biasing means for biasing said lower end of said latch toward said latching position.
2. The apparatus of claim 1 wherein:
said latch is one of a plurality of angularly spaced latches; and
said biasing means comprises a garter spring disposed around said latches.
3. The apparatus of claim 1, wherein said releasing means comprises a tapered surface in said case for engaging an upper end of said latch and pivoting said lower end of said latch to said released position.
4. A packer bypass apparatus for use in a testing string having a pump in an upper testing string portion and a packer in a lower testing string portion, said bypass apparatus comprising:
a case adapted for attachment to said lower testing string portion and having a longitudinally central opening therethrough with at least one transverse port therein;
an inner flow tube disposed in said central opening of said case such that said case and said flow tube define a substantially annular flow passageway therebetween in communication with said packer;
a bypass mandrel reciprocably disposed in said flow passageway and movable between an open and a closed position, said mandrel defining a bypass passageway therein for providing communication between said flow passageway and a well annulus when in said open position;
sealing means for sealing between said mandrel and said flow tube when said mandrel is in said open position whereby said flow passageway is separated into upper and lower portions;
check valve means for venting said upper portion of said flow passageway through said bypass passageway in said mandrel when a differential pressure between said upper portion of said flow passageway and said well annulus exceeds a predetermined level;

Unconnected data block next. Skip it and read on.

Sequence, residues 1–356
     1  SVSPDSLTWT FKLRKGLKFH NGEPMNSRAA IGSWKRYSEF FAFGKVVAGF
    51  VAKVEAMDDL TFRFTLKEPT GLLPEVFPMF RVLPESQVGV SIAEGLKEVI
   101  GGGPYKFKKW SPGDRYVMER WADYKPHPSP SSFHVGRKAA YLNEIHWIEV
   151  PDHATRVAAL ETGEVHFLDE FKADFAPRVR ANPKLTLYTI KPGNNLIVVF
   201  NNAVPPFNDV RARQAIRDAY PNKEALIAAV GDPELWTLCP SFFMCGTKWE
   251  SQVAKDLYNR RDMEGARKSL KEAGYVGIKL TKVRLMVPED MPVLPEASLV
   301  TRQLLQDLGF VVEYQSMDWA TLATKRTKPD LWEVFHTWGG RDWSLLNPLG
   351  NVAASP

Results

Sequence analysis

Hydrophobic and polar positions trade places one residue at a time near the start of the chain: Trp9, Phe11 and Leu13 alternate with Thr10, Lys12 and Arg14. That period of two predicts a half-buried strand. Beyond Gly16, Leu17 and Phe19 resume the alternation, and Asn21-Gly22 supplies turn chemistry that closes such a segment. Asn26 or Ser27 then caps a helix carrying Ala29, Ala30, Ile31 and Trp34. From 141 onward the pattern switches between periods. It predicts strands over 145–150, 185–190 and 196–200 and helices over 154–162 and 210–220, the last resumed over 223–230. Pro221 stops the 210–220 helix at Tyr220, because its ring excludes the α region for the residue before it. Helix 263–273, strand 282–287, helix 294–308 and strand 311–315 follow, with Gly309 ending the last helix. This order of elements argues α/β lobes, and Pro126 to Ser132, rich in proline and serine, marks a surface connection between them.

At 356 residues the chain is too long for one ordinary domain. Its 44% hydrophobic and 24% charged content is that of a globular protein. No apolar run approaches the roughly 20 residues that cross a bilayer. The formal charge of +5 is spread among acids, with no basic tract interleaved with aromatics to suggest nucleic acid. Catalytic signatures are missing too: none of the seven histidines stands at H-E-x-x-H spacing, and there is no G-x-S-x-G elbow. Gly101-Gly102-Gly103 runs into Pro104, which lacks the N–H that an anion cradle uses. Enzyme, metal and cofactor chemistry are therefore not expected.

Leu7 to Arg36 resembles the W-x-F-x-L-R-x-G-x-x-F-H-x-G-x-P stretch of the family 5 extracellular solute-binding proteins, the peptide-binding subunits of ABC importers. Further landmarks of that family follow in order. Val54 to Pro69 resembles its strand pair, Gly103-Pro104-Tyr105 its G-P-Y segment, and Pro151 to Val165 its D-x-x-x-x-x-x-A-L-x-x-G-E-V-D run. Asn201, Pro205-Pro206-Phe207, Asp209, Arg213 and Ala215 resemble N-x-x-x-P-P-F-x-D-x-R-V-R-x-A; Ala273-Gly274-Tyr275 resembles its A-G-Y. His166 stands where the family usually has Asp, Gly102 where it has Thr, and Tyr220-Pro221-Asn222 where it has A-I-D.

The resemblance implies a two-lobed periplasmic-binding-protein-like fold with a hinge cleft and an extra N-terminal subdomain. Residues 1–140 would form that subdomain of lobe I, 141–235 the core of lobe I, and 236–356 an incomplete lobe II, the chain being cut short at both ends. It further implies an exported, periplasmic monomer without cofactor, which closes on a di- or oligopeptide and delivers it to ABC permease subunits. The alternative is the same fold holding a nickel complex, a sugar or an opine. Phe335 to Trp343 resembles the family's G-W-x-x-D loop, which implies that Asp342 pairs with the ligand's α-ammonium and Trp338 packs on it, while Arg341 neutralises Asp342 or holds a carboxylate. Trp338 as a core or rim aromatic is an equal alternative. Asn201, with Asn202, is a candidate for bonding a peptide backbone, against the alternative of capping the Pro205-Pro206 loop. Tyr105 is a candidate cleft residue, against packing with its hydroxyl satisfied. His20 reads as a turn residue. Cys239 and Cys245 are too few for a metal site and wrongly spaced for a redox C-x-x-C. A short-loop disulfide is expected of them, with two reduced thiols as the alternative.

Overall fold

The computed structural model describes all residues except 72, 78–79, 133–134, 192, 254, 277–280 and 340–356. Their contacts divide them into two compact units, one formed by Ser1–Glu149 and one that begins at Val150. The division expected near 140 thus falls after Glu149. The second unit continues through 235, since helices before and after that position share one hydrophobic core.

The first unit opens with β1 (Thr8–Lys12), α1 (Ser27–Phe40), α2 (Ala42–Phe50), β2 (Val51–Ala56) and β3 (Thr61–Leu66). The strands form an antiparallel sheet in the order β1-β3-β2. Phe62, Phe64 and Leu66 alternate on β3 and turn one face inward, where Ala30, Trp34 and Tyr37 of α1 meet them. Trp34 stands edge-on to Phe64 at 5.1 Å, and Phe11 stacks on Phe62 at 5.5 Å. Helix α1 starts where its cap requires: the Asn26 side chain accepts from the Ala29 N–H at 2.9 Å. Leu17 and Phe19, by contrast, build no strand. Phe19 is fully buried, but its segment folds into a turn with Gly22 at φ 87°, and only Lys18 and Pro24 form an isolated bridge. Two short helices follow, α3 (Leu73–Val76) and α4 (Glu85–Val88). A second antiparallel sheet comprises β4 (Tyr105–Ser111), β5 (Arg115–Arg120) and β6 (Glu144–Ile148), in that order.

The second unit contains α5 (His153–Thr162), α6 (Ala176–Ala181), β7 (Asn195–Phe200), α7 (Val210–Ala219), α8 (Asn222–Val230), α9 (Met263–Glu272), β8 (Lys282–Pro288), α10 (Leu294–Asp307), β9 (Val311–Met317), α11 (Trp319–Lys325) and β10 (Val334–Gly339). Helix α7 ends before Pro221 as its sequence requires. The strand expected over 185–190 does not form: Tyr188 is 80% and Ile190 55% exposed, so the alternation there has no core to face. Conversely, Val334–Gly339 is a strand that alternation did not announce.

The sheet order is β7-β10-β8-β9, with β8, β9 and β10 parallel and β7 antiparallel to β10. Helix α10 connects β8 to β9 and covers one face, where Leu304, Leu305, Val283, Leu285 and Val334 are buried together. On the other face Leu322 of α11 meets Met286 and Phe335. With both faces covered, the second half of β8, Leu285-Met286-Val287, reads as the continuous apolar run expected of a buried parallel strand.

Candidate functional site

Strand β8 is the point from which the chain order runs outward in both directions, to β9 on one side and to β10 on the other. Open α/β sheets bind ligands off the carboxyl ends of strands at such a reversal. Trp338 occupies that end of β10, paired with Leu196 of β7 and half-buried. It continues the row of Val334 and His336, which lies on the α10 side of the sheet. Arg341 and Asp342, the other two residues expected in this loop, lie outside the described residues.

a piston having an upper portion adapted for attachment to said upper testing string portion and a lower portion disposed in said flow passageway above said mandrel and reciprocable between a first position and a second position; and
latching means on said lower portion of said piston for latchingly engaging said mandrel in said closed position when said mandrel is moved to said second position, whereby said mandrel may be moved from said closed position to said open position as said piston is moved from said second position to said first position.
5. A packer bypass apparatus for use in a testing string with a pump and an inflatable packer, said apparatus comprising:
case means defining a central opening therethrough;
piston means reciprocably disposed in said central opening of said case means and movable between a first position and a second position;
mandrel means disposed in said central opening of said case means and having a bypass position for providing communication between said packer and a well annulus and further having a sealed position preventing communication between said packer and said well annulus,
wherein said mandrel means is movable from said bypass position to said sealed position in response to a differential pressure between said pump and said well annulus acting across a portion of said mandrel means; and
pivotable latching means in operative association with said piston means for latchingly engaging said mandrel means when said mandrel means is in said sealed position and said piston means is in said second position, whereby said mandrel means may be moved from said sealed position to said bypass position by moving said piston means from said second position to said first position.
6. A packer bypass apparatus for use in a testing string with a pump and an inflatable packer, said apparatus comprising:
case means defining a central opening therethrough;